Architect Emily Sandstrom and Chris Low endured an extended search earlier than they stumbled upon a Nineteen Thirties home in South Marrickville. They’d been on the lookout for an older property they might personalise and ‘carry again to life’ – it additionally needed to have the house and side to develop recent produce in their very own yard.
So, after they discovered a dated bungalow that ticked all these packing containers, they weren’t deterred by its lack of scorching water within the kitchen, or the sunroom stuffed with asbestos.
‘Whereas the home was rundown, there have been so many unique options that we cherished — the stained-glass home windows, the ceiling particulars, the darkish timber detailing, the dimensions of the rooms, and we actually needed to protect the historical past and integrity of the home,’ Emily says.
They demolished the small kitchen, laundry, the asbestos sunroom, and the outhouse on the rear. A key a part of their renovations was salvaging recycled supplies from something they knocked down, even going to the hassle of hand-cleaning the bricks and constructing them into their new 45sqm extension.
It’s no secret that getting an older property to fulfill the environmental issues of at the moment is huge ask. However along with minimising waste by restoring the unique components of the house, Emily and Chris’ considerate renovations have additionally managed to equip the bungalow for the long run with a formidable record of sustainable options.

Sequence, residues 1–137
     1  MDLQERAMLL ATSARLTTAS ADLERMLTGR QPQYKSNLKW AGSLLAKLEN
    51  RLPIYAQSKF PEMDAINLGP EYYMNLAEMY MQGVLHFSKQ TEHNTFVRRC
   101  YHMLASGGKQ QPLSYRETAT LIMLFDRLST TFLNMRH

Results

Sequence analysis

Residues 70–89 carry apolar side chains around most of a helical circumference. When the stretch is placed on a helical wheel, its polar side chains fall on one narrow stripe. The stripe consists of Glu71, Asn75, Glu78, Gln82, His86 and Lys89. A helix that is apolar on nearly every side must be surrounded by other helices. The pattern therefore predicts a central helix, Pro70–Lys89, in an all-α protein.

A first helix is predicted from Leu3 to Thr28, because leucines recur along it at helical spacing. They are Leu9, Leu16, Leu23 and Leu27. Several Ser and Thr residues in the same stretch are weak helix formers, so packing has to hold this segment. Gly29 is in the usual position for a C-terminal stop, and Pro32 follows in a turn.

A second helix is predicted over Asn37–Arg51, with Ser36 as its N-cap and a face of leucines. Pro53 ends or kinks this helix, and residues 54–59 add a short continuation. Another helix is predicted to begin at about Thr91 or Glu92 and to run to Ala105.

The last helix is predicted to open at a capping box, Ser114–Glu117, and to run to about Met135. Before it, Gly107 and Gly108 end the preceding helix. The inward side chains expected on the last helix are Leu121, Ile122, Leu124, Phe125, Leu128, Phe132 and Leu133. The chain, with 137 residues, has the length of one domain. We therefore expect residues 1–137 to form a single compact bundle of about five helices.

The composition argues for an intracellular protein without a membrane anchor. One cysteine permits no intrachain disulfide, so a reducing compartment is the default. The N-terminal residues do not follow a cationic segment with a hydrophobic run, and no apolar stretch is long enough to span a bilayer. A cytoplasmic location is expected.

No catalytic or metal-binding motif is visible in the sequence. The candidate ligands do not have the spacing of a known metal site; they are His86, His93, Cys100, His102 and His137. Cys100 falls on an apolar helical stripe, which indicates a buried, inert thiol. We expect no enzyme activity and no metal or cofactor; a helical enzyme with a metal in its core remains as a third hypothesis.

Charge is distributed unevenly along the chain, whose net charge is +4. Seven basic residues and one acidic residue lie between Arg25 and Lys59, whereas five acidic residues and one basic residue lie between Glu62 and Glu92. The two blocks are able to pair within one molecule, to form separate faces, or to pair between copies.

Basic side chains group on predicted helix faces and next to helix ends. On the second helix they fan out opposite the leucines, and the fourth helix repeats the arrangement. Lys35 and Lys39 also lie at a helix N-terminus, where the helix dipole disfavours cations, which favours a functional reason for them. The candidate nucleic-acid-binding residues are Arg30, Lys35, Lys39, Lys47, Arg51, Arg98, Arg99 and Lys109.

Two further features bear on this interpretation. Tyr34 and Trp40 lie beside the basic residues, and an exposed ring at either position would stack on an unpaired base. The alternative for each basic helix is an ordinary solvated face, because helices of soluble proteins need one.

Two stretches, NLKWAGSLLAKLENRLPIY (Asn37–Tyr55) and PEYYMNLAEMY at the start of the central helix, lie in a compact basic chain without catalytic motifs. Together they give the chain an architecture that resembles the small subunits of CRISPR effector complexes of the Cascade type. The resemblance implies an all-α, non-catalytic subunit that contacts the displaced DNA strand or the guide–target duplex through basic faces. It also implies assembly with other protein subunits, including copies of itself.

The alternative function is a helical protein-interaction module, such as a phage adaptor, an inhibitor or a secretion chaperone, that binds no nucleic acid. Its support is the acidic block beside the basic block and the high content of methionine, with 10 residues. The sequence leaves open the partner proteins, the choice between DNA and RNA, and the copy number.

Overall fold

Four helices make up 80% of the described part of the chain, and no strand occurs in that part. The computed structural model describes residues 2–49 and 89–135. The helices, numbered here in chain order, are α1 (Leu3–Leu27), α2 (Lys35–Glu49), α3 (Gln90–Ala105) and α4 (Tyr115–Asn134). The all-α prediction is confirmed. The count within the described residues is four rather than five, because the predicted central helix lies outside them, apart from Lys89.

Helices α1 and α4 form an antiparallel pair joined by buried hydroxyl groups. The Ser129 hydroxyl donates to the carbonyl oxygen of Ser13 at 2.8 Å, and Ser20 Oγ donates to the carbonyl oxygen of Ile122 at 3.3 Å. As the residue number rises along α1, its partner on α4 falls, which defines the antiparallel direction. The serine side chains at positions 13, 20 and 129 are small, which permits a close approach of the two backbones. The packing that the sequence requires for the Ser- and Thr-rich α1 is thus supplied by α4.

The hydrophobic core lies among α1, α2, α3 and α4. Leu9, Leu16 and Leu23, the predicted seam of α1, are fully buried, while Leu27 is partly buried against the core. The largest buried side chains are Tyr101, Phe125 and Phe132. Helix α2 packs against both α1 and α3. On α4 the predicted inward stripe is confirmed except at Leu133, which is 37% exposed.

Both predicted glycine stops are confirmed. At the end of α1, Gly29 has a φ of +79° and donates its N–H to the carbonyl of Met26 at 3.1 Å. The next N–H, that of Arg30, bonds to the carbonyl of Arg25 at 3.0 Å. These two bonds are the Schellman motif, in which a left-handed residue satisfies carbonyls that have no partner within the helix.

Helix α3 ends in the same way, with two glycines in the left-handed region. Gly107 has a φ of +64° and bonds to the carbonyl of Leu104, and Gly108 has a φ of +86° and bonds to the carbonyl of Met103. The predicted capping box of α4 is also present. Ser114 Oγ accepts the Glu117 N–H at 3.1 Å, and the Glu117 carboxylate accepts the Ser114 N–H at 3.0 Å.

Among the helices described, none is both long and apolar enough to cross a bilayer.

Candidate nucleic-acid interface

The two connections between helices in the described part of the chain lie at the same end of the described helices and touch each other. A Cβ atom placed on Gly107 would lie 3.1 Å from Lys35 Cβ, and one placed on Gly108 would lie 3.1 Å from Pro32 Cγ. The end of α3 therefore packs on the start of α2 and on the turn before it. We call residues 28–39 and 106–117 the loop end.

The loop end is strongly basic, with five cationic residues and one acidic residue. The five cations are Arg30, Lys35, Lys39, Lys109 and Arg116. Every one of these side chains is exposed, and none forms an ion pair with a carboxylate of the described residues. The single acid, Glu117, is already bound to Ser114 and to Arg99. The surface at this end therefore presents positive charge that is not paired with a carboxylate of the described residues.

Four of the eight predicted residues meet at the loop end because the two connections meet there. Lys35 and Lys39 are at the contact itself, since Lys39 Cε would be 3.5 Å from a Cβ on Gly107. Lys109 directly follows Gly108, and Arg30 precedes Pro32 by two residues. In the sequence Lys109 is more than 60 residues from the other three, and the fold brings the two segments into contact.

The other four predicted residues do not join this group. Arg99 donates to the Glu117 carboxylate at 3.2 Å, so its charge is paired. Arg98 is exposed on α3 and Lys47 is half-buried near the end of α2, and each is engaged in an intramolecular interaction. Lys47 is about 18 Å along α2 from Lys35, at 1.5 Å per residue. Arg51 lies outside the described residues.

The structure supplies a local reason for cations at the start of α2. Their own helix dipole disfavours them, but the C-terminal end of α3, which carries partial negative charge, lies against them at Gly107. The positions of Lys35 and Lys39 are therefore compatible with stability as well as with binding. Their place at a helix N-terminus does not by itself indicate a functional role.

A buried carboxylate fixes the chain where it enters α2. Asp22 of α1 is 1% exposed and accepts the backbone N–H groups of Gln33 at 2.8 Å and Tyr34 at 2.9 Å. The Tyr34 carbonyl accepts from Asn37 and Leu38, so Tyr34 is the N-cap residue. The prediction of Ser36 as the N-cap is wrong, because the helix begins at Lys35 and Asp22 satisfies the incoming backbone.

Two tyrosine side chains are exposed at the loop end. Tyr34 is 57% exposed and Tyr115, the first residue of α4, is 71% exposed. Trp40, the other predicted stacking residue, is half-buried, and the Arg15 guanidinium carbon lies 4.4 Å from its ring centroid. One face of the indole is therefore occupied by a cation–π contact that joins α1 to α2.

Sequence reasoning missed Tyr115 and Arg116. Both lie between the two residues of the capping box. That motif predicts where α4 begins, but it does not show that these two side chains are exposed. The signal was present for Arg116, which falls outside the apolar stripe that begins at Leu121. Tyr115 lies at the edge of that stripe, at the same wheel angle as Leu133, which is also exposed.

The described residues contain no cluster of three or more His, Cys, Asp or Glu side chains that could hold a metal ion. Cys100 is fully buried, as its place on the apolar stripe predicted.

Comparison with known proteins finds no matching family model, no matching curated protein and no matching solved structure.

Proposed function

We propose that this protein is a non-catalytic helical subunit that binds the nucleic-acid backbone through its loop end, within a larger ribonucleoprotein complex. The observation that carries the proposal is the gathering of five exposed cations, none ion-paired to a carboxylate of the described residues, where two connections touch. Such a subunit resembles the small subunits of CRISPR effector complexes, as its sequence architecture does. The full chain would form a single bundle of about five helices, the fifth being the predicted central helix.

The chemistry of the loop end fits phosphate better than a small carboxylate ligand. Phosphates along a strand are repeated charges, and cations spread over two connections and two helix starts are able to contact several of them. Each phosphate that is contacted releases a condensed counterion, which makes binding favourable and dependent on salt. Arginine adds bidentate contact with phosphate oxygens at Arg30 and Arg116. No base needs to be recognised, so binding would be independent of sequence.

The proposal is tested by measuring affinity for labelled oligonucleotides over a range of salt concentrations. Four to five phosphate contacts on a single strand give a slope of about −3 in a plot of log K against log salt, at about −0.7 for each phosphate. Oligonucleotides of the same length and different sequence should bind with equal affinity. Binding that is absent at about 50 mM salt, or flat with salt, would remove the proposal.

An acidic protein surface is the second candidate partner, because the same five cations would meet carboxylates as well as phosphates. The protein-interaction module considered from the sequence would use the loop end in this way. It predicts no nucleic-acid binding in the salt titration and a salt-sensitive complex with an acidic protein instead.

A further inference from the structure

The refreshed house runs off solar energy and is passively designed with concrete flooring and double-glazed home windows to eradicate the necessity for heating or cooling. It additionally operates off a 7000L water tank, and according to the couple’s imaginative and prescient, they created a productive backyard made up of just about solely edible vegetation. There’s even a outstanding wine cupboard, which is cooled with out electrical energy, ‘utilizing cross stream of air directed underground via a system of pipes that cools the cupboard to 16 levels’!
Chris is a chef by commerce, so creating areas for cooking, and entertaining was one other central level of their dream house. Because of this, the U-shaped extension has been designed to champion the backyard views, with the kitchen extending into the plush outside house.
‘General, the design is ethereal and lightweight, and leans to components of hospitality design within the rear, whereas being extra relaxed and cosy within the unique house,’ Emily provides.
‘We designed joinery that preserved all of the skirting, image rail and ceiling particulars, in addition to the sense of scale and conventional structure of the rooms. We hope that we’ve positively impacted the unique house and website so that it’ll have a life past our time there.’